Jazz Appreciation Month is coming up in April, and Mobile Ed Productions, Inc. is ready to celebrate! Jazz History Month, also called “JAM” for short, was officially created in 2001 by the National Museum of American History. This month intentionally celebrates the heritage and history of the jazz genre and encourages individuals to listen, appreciate, and study this fascinating genre.
What is Jazz Music?
Jazz might be the hardest genre of music to define, which is perhaps what makes it so loved. Jazz can often be characterized by improvisation, polyphonic ensemble playing, syncopated rhythms, deliberate deviations of pitch, and original timbres. Jazz can also be separated into its own subgenres depending on the era, including swing and free jazz. With a style that is derived primarily from West African musical traditions and the use of classical European harmonic structures, jazz is the ultimate cultural blend of music.
Jazz music has a fascinating history. Jazz music began to form when African American slaves were limited on what kind of music they could perform, introducing a new blend of music that still stuck to their roots. People of “African, French, Caribbean, Italian, German, Mexican, and American Indian descent” had the unique opportunity in New Orleans to interact with one another in daily life, and jazz would soon be born. West African musical traditions were blended with ragtime style and blues to eventually create jazz music. Jazz rapidly spread across the country following the first recording in 1917.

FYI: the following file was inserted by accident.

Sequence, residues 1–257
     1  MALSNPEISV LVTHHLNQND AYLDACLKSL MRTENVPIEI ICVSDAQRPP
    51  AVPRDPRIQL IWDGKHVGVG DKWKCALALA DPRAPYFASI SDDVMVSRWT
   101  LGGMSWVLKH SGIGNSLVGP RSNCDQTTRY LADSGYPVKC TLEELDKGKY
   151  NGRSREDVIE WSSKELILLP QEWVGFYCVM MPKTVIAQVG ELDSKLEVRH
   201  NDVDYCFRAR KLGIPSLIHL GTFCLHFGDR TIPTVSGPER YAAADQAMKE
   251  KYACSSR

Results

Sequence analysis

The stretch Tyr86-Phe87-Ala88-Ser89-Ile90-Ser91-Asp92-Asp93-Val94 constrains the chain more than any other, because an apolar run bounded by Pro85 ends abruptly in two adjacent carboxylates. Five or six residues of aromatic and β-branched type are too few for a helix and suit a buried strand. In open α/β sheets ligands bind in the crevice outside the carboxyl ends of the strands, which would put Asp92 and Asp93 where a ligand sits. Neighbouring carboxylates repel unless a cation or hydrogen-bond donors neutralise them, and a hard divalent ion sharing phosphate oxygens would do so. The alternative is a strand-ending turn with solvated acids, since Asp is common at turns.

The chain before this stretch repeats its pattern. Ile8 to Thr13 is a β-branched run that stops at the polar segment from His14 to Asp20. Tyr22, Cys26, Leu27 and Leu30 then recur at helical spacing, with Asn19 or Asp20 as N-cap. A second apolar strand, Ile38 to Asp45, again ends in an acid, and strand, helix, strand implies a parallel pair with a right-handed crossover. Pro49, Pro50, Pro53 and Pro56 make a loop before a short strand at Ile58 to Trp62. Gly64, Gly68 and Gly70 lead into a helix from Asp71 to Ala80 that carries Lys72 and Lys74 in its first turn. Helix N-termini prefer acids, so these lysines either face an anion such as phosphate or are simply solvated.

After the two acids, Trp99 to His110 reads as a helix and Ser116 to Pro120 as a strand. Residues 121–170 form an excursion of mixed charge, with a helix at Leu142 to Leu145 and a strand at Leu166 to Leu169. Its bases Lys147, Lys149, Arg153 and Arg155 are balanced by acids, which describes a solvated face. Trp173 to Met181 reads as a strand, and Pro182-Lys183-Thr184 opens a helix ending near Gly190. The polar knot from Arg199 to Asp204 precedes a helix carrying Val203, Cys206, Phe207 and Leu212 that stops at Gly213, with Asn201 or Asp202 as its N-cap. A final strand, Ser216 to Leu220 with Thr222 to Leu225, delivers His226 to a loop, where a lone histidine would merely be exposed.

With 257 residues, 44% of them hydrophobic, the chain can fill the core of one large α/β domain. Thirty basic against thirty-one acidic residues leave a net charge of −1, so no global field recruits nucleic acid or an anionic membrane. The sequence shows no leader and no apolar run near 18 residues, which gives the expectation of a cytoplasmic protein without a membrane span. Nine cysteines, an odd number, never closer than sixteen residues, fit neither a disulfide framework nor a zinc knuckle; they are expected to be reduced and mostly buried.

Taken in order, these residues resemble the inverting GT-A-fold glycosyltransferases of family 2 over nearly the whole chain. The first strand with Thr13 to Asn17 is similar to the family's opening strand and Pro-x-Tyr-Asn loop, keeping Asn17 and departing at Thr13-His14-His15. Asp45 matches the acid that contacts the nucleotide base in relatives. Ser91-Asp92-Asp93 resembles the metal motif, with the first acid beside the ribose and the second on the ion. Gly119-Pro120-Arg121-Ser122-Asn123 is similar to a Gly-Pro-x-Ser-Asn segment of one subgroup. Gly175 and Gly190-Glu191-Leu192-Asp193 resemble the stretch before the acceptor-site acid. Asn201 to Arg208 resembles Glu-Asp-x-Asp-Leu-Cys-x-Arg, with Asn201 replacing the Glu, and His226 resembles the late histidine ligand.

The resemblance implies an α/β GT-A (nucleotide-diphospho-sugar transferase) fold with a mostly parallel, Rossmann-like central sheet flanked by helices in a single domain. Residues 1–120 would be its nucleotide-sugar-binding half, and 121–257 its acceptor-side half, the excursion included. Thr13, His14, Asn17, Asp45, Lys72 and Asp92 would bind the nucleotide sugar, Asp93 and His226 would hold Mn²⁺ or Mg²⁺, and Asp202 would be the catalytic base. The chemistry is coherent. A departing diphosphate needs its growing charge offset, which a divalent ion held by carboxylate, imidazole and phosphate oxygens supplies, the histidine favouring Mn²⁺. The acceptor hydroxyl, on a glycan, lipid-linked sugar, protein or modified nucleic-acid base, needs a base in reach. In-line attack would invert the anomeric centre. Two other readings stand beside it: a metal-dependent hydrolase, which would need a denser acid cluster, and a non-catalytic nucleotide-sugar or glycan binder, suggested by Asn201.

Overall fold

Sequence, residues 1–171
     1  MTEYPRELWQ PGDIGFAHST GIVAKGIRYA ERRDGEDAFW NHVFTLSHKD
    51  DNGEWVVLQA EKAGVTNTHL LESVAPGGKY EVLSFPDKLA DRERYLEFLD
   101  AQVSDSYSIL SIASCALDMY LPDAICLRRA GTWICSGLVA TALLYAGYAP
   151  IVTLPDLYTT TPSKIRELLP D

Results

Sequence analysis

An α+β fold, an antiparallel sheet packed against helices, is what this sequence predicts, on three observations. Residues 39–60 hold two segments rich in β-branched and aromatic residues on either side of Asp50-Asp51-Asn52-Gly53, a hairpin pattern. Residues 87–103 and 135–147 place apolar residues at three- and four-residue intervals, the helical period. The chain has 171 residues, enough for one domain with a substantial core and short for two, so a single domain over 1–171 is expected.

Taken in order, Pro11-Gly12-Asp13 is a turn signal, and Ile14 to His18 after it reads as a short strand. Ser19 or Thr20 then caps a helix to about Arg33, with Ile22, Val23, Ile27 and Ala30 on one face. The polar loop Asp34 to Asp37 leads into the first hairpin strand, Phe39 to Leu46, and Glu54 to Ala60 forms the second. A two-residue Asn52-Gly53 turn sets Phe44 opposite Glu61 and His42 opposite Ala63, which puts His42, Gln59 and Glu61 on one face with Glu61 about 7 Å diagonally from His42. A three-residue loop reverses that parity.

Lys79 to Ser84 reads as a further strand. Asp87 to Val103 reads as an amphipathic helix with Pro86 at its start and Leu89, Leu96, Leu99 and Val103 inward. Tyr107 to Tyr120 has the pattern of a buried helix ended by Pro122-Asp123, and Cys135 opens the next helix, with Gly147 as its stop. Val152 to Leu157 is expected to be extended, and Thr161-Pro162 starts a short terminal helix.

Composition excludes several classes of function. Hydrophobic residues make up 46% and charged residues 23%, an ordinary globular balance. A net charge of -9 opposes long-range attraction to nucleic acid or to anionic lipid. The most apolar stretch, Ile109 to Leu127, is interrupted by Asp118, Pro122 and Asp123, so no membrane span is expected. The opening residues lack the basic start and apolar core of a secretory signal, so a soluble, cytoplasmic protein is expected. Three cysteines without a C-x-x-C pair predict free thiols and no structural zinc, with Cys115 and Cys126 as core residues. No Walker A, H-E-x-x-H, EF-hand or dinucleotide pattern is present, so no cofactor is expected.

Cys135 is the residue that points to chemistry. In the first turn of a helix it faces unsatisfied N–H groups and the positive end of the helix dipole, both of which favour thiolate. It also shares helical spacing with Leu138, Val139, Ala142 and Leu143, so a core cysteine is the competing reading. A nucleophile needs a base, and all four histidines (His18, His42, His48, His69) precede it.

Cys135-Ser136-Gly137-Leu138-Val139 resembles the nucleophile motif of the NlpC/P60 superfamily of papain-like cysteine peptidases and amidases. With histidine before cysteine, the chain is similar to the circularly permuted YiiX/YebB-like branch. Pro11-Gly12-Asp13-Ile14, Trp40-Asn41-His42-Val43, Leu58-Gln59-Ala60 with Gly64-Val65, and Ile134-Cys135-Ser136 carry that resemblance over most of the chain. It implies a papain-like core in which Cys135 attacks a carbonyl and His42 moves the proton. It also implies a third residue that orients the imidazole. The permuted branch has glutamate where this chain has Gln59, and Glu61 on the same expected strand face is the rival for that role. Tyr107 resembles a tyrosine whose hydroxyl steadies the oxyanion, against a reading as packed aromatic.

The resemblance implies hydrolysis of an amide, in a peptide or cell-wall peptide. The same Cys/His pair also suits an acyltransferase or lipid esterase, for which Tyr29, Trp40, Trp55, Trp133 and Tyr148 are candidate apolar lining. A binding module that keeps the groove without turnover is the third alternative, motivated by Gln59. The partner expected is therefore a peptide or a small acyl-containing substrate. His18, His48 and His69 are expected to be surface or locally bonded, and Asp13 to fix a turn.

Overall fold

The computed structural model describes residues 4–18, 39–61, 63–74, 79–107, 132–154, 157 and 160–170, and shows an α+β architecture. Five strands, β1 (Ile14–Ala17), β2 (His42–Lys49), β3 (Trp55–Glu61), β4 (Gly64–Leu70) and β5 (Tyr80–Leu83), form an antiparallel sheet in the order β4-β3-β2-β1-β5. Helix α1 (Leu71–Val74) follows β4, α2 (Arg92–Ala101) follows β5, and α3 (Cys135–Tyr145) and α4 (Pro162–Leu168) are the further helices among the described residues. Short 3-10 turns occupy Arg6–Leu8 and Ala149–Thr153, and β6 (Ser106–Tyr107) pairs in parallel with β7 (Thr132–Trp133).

Why Should We Study Jazz?
Besides being a completely unique genre of music with a fascinating history, research has proven again and again that musical studies can often aid students in learning other school subjects. Studying music can involve the use of motor skills, listening skills, and visualization, which are skills students will use and develop in and outside the classroom. “A music-rich experience for children of singing, listening, and moving is really bringing a very serious benefit to children as they progress into more formal learning,” says Mary Luehrisen from the National Association of Music Merchants (NAMM).
Specific benefits of studying music in classrooms include:
- Increased IQ
- Language development
- Motor Skills
- Spatial-temporal skills
- Improved test scores
- Embraced creativity
What Can I Do?
This April, challenge your students to do something they have probably never tried before: listen to jazz for the first time, research a jazz artist, or even write a song! Mobile Ed Productions, Inc. has a Songwriting Workshop program that has allowed students across the country to crank up their creativity in their classrooms for years. Brian Chevalier, our professional songwriter, educates students about the elements of music. Using their new knowledge, students are challenged to write their own songs using inspiration around them. By the end of the day, students have the chance to have their song performed in front of their peers by Brian himself!
In our program, students will learn:
- Basic Music Theory
- Song structure
- How to play musical instruments
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Jazz is a distinguished and well-loved genre that all of your students may not be familiar with. This genre, born from many cultures, proves to your students the importance of trying new things, taking risks, and working together. The Mobile Ed Songwriting Workshop gives students a memorable experience that will encourage creativity, build confidence, and create an attitude for appreciating music. More classroom resources for teaching jazz in your classroom can be found here.